Your husband is in a process. Sometimes it feels like a hopeless process, but it is not. Even if you feel that way, I doubt you want to believe that. The struggles your husband is having could be your own children’s struggles one day. If your son or daughter ends up fighting these same battles, hurting their spouse the same way, how will you treat them? How will you view them? How would you try to help them? Your husband’s heart is new in Christ, but his flesh is not. There is a war going on between the new spiritual man and the old fleshly man. When you read Paul’s words in Romans 7, it almost seems like he is speaking about a hopeless situation, but then he gives thanks. He thanks God because through Christ there is hope. There is surely hope for the time after this life that we are glorified with new bodies and no more sin, but there is hope in this life for the process of sanctification and God’s forgiveness.
“My little children, I am writing you these things so that you may not sin. But if anyone does sin, we have an advocate with the Father—Jesus Christ the righteous one.” 1 John 2:1
God doesn’t take sin lightly, and neither should we. Your husband’s sin should not be overlooked. It should not be cast aside without proper rebuke. He should not be allowed to just keep on as usual with no changes. But he also has an advocate. Jesus advocates for his forgiveness as long as he is repentant. Just before in 1 John we read,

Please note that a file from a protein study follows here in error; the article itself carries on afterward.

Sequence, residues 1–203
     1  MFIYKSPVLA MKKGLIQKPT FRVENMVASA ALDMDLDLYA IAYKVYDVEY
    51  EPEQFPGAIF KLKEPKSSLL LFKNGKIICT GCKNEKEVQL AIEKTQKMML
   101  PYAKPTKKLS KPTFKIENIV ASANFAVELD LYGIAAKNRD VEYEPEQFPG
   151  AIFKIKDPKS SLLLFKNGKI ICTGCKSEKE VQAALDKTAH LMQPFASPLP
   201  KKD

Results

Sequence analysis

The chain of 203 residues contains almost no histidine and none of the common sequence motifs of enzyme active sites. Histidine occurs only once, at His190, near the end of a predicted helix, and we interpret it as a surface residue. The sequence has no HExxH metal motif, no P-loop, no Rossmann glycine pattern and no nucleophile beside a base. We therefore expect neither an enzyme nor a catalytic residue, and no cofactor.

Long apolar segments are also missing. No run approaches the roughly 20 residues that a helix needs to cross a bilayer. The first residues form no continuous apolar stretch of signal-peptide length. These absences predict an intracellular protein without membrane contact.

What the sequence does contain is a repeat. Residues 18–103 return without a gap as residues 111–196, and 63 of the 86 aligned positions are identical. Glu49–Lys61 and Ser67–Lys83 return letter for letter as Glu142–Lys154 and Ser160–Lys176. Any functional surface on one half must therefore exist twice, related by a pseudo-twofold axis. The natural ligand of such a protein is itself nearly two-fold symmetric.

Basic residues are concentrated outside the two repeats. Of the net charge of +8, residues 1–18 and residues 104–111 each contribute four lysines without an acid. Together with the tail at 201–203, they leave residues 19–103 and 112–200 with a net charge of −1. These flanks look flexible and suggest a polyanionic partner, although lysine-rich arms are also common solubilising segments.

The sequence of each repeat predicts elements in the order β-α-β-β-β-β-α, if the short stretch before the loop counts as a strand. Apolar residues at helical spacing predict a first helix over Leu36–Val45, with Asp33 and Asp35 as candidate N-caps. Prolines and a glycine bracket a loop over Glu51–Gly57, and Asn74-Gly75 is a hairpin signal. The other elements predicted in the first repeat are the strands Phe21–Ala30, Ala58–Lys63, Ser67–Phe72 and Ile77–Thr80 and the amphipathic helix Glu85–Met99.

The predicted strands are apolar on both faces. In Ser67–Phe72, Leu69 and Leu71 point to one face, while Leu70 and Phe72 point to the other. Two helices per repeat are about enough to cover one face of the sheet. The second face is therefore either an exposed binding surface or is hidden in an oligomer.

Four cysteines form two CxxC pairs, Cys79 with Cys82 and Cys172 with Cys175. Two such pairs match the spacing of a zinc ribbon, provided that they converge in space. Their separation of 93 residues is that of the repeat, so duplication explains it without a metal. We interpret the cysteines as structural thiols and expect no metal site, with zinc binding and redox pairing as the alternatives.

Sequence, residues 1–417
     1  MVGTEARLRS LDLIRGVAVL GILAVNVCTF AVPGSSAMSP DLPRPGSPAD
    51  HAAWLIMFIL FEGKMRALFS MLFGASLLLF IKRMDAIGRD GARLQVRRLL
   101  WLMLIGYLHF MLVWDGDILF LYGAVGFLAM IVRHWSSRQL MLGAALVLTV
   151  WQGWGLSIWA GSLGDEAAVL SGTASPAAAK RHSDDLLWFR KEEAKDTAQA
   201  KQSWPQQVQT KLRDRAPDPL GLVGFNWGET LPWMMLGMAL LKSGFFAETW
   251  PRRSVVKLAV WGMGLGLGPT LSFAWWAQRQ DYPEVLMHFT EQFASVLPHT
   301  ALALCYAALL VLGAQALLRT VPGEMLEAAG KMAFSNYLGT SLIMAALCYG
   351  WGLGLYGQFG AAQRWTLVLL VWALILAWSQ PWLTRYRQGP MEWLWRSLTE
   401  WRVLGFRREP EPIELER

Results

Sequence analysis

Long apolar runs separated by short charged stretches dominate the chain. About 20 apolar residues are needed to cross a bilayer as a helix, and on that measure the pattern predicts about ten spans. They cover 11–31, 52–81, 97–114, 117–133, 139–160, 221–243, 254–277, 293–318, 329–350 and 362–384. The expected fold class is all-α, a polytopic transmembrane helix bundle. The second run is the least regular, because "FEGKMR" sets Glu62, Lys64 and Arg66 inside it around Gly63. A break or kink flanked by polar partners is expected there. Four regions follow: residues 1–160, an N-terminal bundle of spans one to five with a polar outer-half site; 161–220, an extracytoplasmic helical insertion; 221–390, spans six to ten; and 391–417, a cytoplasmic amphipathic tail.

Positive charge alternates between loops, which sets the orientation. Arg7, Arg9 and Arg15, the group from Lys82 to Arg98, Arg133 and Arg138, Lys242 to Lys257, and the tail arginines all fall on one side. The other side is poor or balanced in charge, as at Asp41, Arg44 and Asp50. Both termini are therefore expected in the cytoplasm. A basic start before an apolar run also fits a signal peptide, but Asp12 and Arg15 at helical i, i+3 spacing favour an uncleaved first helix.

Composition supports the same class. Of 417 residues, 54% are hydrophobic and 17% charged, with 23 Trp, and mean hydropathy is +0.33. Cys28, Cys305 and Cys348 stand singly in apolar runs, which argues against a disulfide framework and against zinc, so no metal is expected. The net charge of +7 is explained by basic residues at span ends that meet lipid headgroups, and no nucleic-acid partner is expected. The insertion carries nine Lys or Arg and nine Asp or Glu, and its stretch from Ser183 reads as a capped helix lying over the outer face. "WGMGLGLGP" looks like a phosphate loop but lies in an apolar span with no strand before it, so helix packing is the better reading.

“If we confess our sins, he is faithful and righteous to forgive us our sins and to cleanse us from all unrighteousness.” 1 John 1:9
You may question your husband’s repentance, and that is completely understandable. It can even be healthy. It is not okay to give lip service and continue speaking about change with no change, but we also must evaluate change appropriately. Can you point to concrete ways in which he has made efforts to change? Can you point to more ways in which he needs to make efforts? He should be challenged with Scripture. First, I would read him 1 Corinthians 10:13.
“No temptation has come upon you except what is common to humanity. But God is faithful; he will not allow you to be tempted beyond what you are able, but with the temptation he will also provide the way out so that you may be able to bear it.” 1 Corinthians 10:13
Likely, your husband sometimes desires for his temptations to just cease, but we are not given any promises that our temptations will go away. However, we are given the promise that God provides a way to endure them without giving in. The other thing I would challenge him with is Matthew 5:29-30.